Harding Elementary School – “Classrooms utilize a common rooftop HVAC unit that supplies 100% fresh outside air, filters, heats as needed, and supplies to the room. Air circulates through the room, then exhausts from the building passively through windows, doors and leaks in the building construction. Air is not shared between classrooms. The temperature and air mixture is controlled on site facilities.” 

Husky Elementary School – “There are five main ventilation zones. Each zone has a HVAC unit that provides fresh outside air, filters, heats as needed, and supplies to the room. Part of the air is exhausted outside and the rest returned to the supply, filtered and recirculated. The temperature and air mixture is controlled remotely by Facilities.” 

Jaguar Elementary School – “All classrooms have individual ventilation systems that supply fresh outside air and filter existing air before circulating. Air circulates through the room, is then drawn into ducting and exhausted outside by a fan on the roof. Air is not shared between classrooms. The temperature and air mixture is controlled remotely by facilities. The fan is controlled in the room. Staff should always have the fan on.” 

Lincoln Elementary School – “There are several different ventilation system designs throughout the school. Most rooms utilize a common rooftop HVAC unit that provides fresh outside air, filters then recirculates existing air. Other rooms such as 123 and 124 have operable windows that can be used to introduce fresh air and increase ventilation. The temperature and air mixture is controlled remotely by facilities. The fan is controlled in the room. Staff should always have the fan on.”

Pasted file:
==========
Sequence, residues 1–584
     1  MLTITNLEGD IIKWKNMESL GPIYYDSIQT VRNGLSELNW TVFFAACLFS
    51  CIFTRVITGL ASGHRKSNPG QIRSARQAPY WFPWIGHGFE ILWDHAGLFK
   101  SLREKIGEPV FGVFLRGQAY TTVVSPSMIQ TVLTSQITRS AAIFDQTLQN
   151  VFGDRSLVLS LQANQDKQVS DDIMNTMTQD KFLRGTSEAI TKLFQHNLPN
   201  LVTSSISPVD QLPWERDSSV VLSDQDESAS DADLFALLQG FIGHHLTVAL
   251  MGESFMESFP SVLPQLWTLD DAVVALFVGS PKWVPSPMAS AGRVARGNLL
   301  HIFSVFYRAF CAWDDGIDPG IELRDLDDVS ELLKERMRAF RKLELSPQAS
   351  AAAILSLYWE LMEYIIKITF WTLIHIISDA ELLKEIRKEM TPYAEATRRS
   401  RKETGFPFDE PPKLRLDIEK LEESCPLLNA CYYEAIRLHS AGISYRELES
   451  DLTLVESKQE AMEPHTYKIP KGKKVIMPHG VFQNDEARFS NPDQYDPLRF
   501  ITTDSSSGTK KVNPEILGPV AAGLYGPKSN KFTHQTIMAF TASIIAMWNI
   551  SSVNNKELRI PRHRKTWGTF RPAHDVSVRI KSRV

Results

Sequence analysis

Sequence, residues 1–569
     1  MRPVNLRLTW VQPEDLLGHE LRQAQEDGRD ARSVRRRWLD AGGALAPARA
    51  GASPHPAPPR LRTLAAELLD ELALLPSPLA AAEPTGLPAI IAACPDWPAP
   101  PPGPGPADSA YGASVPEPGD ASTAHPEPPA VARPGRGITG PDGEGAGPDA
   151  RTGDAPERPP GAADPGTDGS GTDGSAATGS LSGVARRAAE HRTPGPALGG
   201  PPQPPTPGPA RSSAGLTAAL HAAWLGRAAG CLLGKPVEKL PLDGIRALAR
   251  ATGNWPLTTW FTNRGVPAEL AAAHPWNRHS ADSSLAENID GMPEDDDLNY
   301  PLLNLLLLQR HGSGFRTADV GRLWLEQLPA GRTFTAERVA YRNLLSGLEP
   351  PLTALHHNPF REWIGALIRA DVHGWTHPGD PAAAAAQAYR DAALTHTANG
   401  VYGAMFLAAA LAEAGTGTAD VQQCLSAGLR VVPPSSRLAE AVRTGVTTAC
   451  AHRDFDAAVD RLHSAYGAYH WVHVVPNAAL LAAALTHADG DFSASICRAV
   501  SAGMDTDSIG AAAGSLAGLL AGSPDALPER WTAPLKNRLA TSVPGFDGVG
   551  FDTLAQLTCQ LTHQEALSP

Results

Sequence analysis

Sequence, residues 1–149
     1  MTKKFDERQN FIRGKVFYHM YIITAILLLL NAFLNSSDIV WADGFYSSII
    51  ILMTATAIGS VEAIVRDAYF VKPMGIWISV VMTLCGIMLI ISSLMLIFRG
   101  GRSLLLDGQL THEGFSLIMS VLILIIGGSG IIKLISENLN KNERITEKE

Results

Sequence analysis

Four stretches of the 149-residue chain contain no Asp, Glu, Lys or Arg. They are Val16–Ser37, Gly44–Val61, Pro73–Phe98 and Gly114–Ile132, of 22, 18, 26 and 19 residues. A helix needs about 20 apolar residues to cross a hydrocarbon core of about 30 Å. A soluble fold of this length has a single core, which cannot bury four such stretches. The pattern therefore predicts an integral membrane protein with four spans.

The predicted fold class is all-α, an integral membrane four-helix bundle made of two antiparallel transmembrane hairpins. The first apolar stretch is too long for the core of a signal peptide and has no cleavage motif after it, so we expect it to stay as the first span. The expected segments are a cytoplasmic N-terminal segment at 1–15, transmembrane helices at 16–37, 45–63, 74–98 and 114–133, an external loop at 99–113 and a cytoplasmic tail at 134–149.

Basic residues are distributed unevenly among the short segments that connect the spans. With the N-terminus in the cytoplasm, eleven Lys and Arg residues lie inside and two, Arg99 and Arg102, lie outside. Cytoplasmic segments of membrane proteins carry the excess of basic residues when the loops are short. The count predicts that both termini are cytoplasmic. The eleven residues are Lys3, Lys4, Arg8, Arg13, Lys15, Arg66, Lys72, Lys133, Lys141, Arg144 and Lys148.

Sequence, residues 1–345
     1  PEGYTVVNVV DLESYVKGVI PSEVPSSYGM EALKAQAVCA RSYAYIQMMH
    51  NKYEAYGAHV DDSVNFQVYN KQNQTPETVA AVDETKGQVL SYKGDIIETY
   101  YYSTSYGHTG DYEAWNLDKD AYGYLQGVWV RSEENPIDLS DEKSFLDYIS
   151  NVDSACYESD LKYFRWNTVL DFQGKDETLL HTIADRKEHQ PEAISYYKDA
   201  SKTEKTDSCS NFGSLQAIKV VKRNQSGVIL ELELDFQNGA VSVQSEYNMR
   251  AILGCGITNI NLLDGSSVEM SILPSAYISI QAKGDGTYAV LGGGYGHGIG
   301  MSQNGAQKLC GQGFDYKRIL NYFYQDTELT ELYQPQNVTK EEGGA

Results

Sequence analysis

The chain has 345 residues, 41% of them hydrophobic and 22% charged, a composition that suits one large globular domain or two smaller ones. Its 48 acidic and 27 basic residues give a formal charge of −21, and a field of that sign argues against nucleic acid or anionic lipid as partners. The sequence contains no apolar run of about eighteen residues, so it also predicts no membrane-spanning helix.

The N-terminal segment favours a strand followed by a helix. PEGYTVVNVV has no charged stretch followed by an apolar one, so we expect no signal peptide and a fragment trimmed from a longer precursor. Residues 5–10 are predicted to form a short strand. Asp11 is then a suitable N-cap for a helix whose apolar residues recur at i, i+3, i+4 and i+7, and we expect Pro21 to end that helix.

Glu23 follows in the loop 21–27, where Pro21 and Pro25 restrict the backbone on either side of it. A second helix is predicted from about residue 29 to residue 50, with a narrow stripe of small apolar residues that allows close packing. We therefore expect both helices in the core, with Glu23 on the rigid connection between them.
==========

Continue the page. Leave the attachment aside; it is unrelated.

Linus Pauling Middle School – “There are ventilation zones. Each zone has a HVAC unit that provides fresh outside air, filters, heats or cools as needed, and supplies to the room. Part of the air is then exhausted outside and the rest returned to the supply, filtered and recirculated. The temperature and air mixture is controlled remotely by Facilities.” 

Mt View Elementary School – “All classrooms have ventilation systems that supply fresh outside air. Air circulates through the room, is then drawn into ducting and exhausted outside by a fan on the roof. Air is not shared between classrooms (Rooms 9-12 share air). The temperature and air mixture is controlled remotely by facilities. The fan is controlled in the room. Staff should always have the fan on.” 

Wildcat Elementary School – “Classrooms utilize a common rooftop HVAC unit that supplies 100% fresh outside air, heats as needed, and supplies it to the room. Air circulates through the room, is then drawn into ducting and exhausted outside by a fan to the roof. Air is not shared between classrooms. The temperature and air mixture is controlled remotely by facilities. The counselor’s office and Room 26 have poor ventilation and should avoid being used by multiple people.” 

COVID Symptoms 

As your child returns to the classroom, watch for COVID-19 symptoms: 

  • Cough 
  • Fever of 100 degrees or more 
  • Chills 
  • Shortness of breath / Difficulty breathing 
  • Loss of taste or smell 
  • Fatigue 
  • Muscle or body aches 
  • Headache 
  • Sore throat 
  • Nasal congestion / Runny nose 
  • Nausea, vomiting, or diarrhea 

These could be symptoms of other illnesses – and most parents know how quickly children spread illnesses in school, but don’t let that stop you from getting your child tested for COVID. If you disregard an illness thinking it’s something minor and your child ends up in the hospital or worse, you will regret it. 

The Oregon Health Authority has a website dedicated specifically to when and where to be tested.  

By Sally K Lehman